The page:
For lots more entertaining stories and information about marijuana and other drugs, check out my book, Tales from the Couch, available on Amazon.com. It makes for a great read and an ever better gift!Learn More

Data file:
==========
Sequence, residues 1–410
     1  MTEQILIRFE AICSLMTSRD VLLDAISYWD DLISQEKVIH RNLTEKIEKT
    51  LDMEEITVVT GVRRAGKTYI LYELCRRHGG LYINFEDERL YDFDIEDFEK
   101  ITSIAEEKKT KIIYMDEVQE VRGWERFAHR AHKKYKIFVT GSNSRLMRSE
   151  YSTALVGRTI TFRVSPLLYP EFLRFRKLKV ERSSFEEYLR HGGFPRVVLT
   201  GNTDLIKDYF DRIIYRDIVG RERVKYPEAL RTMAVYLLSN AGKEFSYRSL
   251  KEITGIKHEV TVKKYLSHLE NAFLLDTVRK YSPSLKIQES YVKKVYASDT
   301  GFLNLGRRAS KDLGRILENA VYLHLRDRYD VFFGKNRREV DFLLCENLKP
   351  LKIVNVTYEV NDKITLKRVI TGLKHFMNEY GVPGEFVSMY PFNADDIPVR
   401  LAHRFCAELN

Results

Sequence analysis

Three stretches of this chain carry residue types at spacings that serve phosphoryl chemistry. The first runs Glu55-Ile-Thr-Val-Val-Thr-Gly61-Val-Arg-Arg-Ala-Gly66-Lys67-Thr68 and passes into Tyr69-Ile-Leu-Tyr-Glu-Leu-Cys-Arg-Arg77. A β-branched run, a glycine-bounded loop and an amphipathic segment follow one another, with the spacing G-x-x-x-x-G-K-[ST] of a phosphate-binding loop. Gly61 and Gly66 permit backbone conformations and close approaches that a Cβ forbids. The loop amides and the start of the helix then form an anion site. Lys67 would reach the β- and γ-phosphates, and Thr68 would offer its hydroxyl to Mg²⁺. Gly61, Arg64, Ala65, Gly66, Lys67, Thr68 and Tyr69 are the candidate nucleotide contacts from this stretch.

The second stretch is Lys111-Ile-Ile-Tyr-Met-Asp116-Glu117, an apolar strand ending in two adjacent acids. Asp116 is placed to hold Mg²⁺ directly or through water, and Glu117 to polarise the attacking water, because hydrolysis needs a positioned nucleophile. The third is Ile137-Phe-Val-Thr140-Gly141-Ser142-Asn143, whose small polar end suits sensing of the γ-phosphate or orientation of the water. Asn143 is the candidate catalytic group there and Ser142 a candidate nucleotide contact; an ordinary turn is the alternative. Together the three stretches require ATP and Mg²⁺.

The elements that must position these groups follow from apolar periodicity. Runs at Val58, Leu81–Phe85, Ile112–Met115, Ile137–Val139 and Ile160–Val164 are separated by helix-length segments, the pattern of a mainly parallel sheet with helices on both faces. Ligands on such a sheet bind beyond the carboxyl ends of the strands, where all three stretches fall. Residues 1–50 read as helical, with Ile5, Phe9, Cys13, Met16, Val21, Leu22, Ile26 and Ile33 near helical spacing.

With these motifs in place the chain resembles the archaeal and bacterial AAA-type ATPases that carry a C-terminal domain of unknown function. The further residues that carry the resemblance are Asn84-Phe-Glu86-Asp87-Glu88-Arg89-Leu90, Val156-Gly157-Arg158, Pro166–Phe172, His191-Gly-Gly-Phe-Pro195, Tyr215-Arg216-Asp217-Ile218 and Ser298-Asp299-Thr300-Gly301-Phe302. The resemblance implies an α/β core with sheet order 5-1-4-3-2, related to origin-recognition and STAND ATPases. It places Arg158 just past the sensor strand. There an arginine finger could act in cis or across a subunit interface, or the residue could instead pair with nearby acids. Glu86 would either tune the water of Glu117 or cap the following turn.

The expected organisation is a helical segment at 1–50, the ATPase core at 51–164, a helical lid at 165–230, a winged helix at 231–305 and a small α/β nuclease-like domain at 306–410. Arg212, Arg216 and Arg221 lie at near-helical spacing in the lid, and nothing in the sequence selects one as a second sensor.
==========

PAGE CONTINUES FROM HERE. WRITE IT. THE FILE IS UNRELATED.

Well, it’s another Saturday. My avid blog readers might know what that means…I’m at the carwash again for my Inside-Out Wash and Hand Wax. And yes, I know I’m pretty particular about the state of my car, thank you very much, but in my professional opinion there’s no pathology there whatsoever. Anyway, I’m stuck for a minimum two hour sentence at this joint. It’s always the longest two hours of my life, and if I don’t find something to occupy my mind I might just lose it. I usuallly sit inside for the A/C, but the weather was beautiful, so I sat outside on what barely passed as a patio: two of those round concrete table jobbies with the rough curved benches encircling them, surrounded by tall but sparse hedges on three sides. I wasn’t the only one with the bright idea to sit outside- Floridians get very excited in November when the temperature dips below 75 for a second and the cooler breezes make it onshore- we flock to outdoor spaces like Aztecs worshipping the sun. I spied a concrete bench that was empty and sat down with my coffee from my fave place on US-1. There was a dude at my table on the bench across from me, and he didn’t so much as acknowledge my presence when I sat, so engrossed in his phone was he. Fine by me. As I surveyed my company, what struck me was that there were literally zero words being exchanged among the other waiters, even those that were clearly there together. It was like a freaking monestary- if the monestary was right next to a carwash with its particular “music” of Inside-Out Washes and Hand Waxes in the background. I don’t know why I still find the lack of communication, especially in the very most basic sense, to be so alarming, almost disturbing even. I know I’ve gotten into this in so many different blogs and videos, and of course in my book, but it seems like no one talks to anyone anymore. People talk more to Alexa and Siri these days than other people. Anyway, what were my fellow waiters doing while they weren’t talking? They were of course on their phones, just like everyone always is, always on freaking cell phones. I wasn’t the least bit shocked to see what looked like a ten-year-old girl buried in a phone. These days, young kids, I’m talking like age three and up, have phones to play games on, because moms can’t bear to give up their phones to allow the kids to play on them, and if the kids don’t have phones to play on, they’ll drive their moms crazy and make it impossible for the moms to be on their phones. So the obvious solution, nay, the only solution, is to get your four-year-old a phone. I wonder what Dr. Spock or Mr. Rogers or Bert and Ernie would say about the Romper Room set having phones, or even worse, needing phones.